Photography TutorialWhat is an F/Stop?
When starting out in photography you’ll hear and see the term F/stop everywhere you go -but what is an F/stop? What do they do to a photo? and how can you control them to your advantage? Well let’s find out in this photography tutorial.
What is an F/stop?
Inside the lens of all cameras is a hole that light passes through to reach your sensor. This light forms your photograph. But how much light reaches the sensor is controlled by the size of that hole – that’s what we call the aperture. The size of the aperture can be changed and in photography, we use a scale called F/stops to grade the size of the aperture.
The ‘F’ in F/stop simply means ‘focal’ as it also determines how much of the photo you’re about to take will be in focus – but we’ll explain that later.
Apertures can be made larger and smaller to regulate the amount of necessary light needed to expose a photograph correctly. Small metal fins, called diaphragm blades, make the aperture close and open as instructed by your camera settings.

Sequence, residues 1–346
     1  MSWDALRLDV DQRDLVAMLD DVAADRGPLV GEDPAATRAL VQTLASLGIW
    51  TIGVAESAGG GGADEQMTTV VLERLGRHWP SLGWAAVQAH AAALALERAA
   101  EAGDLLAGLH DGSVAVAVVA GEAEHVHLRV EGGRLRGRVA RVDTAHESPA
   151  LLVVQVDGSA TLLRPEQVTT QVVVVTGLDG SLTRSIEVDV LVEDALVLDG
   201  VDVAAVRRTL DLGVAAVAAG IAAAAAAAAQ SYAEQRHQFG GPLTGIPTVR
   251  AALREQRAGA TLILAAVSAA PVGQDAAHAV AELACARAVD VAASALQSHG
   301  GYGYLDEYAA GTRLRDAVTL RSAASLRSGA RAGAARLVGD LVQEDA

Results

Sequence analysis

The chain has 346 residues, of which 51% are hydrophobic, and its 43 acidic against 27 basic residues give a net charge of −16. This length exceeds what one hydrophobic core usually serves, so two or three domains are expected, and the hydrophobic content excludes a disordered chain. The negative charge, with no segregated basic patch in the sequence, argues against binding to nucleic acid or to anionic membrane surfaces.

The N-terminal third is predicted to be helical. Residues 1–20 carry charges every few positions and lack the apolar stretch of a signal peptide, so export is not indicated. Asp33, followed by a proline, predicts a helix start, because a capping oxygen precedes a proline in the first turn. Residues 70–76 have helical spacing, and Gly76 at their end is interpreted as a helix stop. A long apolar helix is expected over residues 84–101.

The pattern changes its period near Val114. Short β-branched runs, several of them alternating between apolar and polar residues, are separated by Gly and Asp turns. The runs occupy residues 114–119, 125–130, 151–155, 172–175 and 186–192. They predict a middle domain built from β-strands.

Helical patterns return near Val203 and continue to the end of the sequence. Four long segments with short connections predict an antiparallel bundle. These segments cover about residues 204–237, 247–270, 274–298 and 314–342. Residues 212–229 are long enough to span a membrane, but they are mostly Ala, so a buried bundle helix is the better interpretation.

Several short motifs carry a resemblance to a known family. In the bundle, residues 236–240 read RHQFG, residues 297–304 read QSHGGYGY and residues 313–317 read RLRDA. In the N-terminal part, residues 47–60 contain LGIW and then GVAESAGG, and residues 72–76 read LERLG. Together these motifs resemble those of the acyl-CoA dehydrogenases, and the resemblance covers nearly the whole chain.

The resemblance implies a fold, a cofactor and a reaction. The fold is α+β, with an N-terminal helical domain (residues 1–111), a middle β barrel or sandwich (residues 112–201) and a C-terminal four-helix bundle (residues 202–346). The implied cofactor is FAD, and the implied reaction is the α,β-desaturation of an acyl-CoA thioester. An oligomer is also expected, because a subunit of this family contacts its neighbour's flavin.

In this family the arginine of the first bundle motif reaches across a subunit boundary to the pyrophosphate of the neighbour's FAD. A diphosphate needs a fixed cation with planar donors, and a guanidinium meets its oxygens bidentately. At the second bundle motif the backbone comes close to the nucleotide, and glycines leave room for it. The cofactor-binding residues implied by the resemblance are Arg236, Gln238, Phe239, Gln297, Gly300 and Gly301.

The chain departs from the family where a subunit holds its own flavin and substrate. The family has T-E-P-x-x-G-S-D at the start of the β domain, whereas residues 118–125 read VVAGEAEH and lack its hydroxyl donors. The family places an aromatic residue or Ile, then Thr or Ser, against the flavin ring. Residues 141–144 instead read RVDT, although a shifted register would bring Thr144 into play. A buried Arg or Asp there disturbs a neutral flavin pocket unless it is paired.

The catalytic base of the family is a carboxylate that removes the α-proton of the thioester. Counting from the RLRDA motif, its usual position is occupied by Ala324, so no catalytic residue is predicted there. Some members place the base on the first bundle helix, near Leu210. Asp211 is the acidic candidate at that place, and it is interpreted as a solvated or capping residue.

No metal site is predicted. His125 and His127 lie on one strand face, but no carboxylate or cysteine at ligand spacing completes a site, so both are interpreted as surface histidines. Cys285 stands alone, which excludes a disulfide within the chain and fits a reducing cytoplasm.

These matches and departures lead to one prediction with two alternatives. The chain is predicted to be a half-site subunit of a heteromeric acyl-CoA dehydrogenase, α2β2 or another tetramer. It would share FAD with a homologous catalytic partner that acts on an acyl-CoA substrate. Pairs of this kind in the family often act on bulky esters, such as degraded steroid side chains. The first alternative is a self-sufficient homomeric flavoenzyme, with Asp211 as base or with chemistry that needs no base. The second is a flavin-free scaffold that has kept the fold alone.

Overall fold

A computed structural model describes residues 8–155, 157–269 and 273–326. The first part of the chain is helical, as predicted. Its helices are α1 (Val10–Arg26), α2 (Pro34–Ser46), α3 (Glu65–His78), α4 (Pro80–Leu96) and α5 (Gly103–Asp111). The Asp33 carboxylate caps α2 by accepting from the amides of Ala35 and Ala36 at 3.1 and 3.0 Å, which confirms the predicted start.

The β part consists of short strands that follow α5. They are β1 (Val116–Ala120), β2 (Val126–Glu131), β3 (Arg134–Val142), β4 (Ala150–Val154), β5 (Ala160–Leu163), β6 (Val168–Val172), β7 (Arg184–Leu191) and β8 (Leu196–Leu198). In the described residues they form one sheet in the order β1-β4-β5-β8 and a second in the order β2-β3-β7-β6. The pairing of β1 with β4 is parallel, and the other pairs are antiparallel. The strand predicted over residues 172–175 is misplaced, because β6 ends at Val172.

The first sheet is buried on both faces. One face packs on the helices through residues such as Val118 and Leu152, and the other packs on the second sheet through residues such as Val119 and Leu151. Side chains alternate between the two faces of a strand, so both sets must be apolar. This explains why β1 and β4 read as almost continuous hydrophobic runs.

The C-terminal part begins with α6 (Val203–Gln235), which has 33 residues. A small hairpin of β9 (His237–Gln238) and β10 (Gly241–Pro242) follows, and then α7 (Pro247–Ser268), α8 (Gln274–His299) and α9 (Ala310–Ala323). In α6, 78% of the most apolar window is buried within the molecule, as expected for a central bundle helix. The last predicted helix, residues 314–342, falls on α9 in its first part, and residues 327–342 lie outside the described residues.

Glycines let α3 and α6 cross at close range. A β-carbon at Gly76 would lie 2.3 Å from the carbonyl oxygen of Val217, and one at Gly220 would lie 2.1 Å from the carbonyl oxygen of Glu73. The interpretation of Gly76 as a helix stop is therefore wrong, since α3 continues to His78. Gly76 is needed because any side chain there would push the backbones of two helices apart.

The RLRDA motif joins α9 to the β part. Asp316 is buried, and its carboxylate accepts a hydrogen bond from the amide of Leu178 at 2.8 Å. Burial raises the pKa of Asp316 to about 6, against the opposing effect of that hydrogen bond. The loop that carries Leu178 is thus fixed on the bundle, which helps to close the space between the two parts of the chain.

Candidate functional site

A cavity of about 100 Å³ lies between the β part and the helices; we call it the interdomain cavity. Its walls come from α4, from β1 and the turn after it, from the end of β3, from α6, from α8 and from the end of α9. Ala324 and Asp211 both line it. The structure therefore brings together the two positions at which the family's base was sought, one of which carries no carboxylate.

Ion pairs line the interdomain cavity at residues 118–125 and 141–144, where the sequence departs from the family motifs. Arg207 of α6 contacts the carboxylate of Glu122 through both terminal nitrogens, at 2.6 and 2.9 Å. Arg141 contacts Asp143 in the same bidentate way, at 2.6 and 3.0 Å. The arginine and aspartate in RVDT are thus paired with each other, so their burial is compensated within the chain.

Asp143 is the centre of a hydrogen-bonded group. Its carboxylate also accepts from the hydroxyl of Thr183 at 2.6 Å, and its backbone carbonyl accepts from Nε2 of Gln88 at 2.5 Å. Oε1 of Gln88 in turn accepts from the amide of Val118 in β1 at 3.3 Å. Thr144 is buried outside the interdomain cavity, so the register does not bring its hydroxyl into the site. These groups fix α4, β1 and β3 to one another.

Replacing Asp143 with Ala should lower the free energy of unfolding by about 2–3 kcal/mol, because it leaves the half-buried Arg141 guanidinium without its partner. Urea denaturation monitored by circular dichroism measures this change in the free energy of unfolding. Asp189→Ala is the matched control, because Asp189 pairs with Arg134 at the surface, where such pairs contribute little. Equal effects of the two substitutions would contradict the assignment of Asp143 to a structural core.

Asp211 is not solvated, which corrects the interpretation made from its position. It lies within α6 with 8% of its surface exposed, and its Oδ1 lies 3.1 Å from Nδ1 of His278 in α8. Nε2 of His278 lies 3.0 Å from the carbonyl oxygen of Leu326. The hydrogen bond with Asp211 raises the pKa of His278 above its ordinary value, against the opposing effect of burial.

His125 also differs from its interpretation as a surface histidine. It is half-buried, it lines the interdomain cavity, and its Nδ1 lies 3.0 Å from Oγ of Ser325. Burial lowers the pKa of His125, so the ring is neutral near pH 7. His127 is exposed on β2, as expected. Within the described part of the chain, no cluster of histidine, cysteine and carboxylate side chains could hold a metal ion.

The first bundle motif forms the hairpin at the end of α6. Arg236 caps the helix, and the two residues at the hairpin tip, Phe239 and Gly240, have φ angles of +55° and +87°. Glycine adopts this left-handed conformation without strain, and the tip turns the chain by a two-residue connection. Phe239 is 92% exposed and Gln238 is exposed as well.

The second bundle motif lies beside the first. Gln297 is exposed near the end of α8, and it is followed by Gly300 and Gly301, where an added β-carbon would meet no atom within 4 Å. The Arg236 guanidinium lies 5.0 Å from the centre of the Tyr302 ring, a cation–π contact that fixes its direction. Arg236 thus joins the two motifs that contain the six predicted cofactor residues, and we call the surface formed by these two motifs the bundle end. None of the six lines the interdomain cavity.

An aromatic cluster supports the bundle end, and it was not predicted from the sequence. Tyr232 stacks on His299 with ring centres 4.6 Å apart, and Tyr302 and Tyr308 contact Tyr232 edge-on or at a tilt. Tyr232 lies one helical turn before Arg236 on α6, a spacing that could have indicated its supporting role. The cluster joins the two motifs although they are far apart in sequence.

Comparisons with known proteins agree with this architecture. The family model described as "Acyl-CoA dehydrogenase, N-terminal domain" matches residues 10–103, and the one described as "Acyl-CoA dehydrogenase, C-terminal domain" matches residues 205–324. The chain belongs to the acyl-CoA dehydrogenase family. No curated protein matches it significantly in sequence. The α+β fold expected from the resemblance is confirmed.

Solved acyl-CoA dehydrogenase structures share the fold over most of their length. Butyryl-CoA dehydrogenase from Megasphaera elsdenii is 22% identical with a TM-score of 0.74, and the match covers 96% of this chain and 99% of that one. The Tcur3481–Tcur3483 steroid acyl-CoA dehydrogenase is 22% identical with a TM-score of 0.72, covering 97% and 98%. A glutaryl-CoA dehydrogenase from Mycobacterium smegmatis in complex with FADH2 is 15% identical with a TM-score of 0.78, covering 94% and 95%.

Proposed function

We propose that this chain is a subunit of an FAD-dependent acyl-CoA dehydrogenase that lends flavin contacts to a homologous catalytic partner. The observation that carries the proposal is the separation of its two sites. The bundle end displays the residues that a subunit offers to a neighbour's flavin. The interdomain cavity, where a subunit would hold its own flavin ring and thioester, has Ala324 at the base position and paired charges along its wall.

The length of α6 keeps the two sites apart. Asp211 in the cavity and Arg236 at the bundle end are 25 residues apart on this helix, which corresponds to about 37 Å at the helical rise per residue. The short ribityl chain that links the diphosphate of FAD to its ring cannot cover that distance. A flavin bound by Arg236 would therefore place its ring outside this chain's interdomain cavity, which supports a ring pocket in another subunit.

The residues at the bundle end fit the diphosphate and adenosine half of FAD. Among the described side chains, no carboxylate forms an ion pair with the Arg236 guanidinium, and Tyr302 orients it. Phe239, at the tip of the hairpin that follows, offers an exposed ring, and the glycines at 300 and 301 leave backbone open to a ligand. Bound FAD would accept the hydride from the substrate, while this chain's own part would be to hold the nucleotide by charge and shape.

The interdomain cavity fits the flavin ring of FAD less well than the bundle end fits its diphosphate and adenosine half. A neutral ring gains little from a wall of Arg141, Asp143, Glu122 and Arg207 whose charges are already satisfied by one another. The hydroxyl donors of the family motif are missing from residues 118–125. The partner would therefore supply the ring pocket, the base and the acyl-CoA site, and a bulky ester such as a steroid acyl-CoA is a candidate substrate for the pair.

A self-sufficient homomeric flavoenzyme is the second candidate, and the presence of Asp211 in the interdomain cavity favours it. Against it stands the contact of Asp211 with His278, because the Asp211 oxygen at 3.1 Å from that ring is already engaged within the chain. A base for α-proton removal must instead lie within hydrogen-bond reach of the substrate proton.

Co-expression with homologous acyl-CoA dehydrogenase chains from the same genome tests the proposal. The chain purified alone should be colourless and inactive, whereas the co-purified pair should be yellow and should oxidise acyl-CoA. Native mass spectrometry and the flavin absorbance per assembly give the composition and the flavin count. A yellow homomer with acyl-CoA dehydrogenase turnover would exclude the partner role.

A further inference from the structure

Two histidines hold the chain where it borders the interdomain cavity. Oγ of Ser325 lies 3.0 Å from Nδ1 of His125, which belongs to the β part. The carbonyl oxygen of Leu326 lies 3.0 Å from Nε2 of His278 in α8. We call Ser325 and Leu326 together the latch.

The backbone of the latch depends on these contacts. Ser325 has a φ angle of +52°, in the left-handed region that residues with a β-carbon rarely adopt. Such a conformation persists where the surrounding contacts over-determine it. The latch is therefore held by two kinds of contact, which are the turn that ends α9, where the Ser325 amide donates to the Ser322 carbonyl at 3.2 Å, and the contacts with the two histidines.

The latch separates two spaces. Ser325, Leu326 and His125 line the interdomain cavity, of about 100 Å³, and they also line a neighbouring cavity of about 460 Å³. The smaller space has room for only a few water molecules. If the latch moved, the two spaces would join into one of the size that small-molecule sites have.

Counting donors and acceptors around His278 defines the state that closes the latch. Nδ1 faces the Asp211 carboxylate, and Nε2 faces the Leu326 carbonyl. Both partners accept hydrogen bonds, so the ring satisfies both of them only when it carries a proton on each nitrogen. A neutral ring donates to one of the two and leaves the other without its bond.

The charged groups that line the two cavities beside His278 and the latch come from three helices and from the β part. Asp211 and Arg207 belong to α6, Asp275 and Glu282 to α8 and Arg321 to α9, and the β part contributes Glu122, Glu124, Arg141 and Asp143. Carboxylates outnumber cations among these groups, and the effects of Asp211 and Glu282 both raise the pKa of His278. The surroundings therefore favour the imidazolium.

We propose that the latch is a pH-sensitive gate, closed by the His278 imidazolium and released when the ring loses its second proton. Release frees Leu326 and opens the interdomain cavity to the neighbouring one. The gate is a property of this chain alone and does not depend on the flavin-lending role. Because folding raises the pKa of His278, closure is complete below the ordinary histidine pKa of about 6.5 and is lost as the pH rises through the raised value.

Too much light and it can be overexposed, too little and it’ll be underexposed. Choosing the right aperture is important for beginner photographers to learn.
Aperture blades from inside a camera lens
How are F/stops measured?
F/stops are measured based on the following calculation;
The focal length of the lens (divided by) the diameter of the aperture
For example, using a 100mm lens and with the aperture at 25mm, your F/stop will be F/4 (100/25=4).
You don’t really need to sit and do the maths as all you’ll see on your camera is the F/stop numbers changing as you turn your dial, but now you’ll know what’s going on inside your lens when you’re doing that.
There is an agreed range of F/stops that have been in use in photography for decades. These are known as ‘full F/stops’. As technology advances, camera manufacturers have been able to make smaller incremental size changes to apertures resulting in more F/stops becoming available. These are called half and third F/stops.
As a beginner on this photography tutorial, it’s probably best to understand the full F/stop scale first and then the other stops will fall into place naturally.